Profile: Margo Jefferson

Margo Lillian Jefferson (born October 17, 1947) is an American writer and academic.

Jefferson received her B.A. from Brandeis University, where she graduated cum laude, and her M.S. from the Columbia University Graduate School of Journalism. She became an associate editor at Newsweek in 1973 and stayed at the magazine until 1978. She then served as an assistant professor at the Department of Journalism and Mass Communication at New York University from 1979 to 1983 and from 1989 to 1991. Since then she has taught at the Columbia University School of the Arts, where she is now professor of professional practice in writing. Jefferson also taught at The New School’s Eugene Lang College of Liberal Arts. 

 

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She joined The New York Times in 1993, initially as a book reviewer,  then went on to win the Pulitzer Prize for Criticism. She also served as the newspaper’s theater critic in 2004.  In addition to the Times, she has written for Vogue, New York Magazine, The Nation, and Guernica.

Jefferson appeared in Ken Burns’s 2001 documentary series Jazz as jazz is a subject that interests her. Her 2006 book, On Michael Jackson was described by Publishers Weekly as a “slim, smart volume of cultural analysis.” According to Lucy Scholes in The Independent: “The excellent On Michael Jackson is not a straightforward biography, nor is it an attempt to claim either his innocence or his guilt when it comes to the child abuse scandals that, although he was acquitted, haunt his afterlife. A ‘deciphering’ is probably the most accurate description of the book, the shrewd playfulness of Jefferson’s prose the perfect vehicle for analysis that’s as smart as it is readable.”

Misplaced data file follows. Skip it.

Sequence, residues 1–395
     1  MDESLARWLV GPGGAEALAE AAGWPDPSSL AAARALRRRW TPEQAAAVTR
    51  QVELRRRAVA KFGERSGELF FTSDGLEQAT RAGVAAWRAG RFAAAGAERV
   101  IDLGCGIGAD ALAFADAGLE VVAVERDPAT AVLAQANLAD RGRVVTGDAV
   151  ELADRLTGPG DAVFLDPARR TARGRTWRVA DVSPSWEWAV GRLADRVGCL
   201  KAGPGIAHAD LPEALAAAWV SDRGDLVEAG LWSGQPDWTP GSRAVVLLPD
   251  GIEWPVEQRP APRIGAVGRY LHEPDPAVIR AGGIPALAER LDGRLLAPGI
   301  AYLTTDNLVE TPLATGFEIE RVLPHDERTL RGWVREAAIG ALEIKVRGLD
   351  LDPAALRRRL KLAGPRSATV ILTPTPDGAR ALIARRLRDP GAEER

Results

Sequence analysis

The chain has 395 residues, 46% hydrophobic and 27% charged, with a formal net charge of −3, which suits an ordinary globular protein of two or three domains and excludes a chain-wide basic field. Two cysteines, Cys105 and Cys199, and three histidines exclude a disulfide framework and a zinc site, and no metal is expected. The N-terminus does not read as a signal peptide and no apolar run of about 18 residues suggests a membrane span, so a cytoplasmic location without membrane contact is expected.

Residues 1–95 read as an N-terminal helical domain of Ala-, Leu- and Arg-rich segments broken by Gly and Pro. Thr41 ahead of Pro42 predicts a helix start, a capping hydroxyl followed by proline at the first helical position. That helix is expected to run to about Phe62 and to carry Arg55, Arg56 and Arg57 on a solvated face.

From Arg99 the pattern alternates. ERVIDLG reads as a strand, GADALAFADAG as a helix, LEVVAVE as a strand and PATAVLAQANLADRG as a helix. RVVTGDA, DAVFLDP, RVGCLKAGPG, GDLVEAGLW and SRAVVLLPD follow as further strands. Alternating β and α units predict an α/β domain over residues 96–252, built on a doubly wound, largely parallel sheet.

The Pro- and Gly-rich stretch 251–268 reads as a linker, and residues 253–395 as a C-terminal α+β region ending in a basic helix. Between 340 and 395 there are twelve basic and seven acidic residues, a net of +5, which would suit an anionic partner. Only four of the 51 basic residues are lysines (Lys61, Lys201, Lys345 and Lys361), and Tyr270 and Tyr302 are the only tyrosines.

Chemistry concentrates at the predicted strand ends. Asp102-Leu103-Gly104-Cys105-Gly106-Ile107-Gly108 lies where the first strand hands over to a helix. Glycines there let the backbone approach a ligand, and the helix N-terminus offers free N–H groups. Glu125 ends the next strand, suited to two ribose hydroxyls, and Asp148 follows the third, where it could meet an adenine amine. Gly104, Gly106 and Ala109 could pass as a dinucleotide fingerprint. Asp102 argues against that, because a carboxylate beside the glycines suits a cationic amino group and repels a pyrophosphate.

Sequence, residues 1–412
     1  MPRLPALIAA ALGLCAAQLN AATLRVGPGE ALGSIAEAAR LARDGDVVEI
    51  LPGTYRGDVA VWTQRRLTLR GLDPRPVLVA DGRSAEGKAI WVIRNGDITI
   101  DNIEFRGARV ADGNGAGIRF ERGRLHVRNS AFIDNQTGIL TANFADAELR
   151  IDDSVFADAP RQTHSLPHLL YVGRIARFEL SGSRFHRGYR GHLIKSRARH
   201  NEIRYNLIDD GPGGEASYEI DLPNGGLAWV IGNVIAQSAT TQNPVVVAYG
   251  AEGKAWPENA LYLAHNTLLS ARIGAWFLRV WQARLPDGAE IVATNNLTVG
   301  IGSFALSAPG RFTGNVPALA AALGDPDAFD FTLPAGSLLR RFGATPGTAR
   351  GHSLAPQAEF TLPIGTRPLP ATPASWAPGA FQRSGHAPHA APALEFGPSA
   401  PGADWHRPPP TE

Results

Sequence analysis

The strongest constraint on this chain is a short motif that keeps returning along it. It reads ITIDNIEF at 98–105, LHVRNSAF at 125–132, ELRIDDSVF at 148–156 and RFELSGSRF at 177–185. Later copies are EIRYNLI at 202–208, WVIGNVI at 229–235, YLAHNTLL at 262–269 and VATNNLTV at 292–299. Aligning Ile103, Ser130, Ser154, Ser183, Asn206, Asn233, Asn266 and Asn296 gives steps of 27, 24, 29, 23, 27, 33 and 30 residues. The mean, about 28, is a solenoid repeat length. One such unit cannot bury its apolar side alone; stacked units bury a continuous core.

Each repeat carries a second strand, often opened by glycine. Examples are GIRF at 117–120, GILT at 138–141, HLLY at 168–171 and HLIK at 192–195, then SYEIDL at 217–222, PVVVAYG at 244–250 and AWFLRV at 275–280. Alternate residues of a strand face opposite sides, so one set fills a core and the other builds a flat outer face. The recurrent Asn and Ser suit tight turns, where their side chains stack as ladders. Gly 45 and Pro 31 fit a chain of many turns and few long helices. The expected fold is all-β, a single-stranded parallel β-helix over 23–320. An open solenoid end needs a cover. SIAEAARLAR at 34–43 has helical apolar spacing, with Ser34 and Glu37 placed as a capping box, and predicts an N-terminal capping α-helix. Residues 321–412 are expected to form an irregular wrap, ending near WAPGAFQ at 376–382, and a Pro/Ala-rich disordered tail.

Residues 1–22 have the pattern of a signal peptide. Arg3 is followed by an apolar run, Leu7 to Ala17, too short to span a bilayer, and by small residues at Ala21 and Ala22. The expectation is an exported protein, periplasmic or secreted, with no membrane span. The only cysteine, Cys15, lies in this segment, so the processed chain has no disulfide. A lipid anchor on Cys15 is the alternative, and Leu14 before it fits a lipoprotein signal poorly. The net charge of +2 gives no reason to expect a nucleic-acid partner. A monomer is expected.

Jefferson’s autobiographical book, Negroland, was published to acclaim in 2015. It was described by Dwight Garner in The New York Times as a “powerful and complicated memoir”,  and by Margaret Busby in The Sunday Times as “utterly compelling”, while Anita Sethi wrote in The Observer: “Jefferson fascinatingly explores how her personal experience intersected with politics, from the civil rights movement to feminism, as well as history before her birth.”

Jefferson is a contributor to the 2019 anthology New Daughters of Africa.

  • 1995 Pulitzer Prize for Criticism, winner for her book reviews and other cultural analyses in The New York Times.
  • 2016 National Book Critics Circle Award (Autobiography), winner for her memoir Negroland.

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